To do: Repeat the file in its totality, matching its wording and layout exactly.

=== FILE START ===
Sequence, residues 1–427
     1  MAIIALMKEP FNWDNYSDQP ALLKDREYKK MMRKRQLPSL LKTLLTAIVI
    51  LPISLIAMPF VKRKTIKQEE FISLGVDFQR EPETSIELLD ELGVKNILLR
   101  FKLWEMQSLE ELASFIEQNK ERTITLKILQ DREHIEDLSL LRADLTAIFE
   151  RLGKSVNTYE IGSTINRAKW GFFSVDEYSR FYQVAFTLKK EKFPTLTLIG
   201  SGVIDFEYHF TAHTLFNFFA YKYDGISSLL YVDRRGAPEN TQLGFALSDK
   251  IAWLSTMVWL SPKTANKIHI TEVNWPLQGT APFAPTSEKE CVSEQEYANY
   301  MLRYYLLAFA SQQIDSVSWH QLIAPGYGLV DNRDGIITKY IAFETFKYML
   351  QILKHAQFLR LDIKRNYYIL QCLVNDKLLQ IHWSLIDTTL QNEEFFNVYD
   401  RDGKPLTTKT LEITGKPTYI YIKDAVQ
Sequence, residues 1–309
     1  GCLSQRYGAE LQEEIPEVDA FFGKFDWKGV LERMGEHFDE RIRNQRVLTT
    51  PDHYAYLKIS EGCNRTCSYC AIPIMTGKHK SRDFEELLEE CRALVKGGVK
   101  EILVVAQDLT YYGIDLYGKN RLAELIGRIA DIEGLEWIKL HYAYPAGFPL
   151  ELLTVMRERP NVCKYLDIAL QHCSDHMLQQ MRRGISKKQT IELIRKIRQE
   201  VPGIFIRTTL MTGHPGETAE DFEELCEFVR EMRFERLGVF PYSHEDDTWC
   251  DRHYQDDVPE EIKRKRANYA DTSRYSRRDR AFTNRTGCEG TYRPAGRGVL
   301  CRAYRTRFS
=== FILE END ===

Sequence, residues 1–427
     1  MAIIALMKEP FNWDNYSDQP ALLKDREYKK MMRKRQLPSL LKTLLTAIVI
    51  LPISLIAMPF VKRKTIKQEE FISLGVDFQR EPETSIELLD ELGVKNILLR
   101  FKLWEMQSLE ELASFIEQNK ERTITLKILQ DREHIEDLSL LRADLTAIFE
   151  RLGKSVNTYE IGSTINRAKW GFFSVDEYSR FYQVAFTLKK EKFPTLTLIG
   201  SGVIDFEYHF TAHTLFNFFA YKYDGISSLL YVDRRGAPEN TQLGFALSDK
   251  IAWLSTMVWL SPKTANKIHI TEVNWPLQGT APFAPTSEKE CVSEQEYANY
   301  MLRYYLLAFA SQQIDSVSWH QLIAPGYGLV DNRDGIITKY IAFETFKYML
   351  QILKHAQFLR LDIKRNYYIL QCLVNDKLLQ IHWSLIDTTL QNEEFFNVYD
   401  RDGKPLTTKT LEITGKPTYI YIKDAVQ
Sequence, residues 1–309
     1  GCLSQRYGAE LQEEIPEVDA FFGKFDWKGV LERMGEHFDE RIRNQRVLTT
    51  PDHYAYLKIS EGCNRTCSYC AIPIMTGKHK SRDFEELLEE CRALVKGGVK
   101  EILVVAQDLT YYGIDLYGKN RLAELIGRIA DIEGLEWIKL HYAYPAGFPL
   151  ELLTVMRERP NVCKYLDIAL QHCSDHMLQQ MRRGISKKQT IELIRKIRQE
   201  VPGIFIRTTL MTGHPGETAE DFEELCEFVR EMRFERLGVF PYSHEDDTWC
   251  DRHYQDDVPE EIKRKRANYA DTSRYSRRDR AFTNRTGCEG TYRPAGRGVL
   301  CRAYRTRFS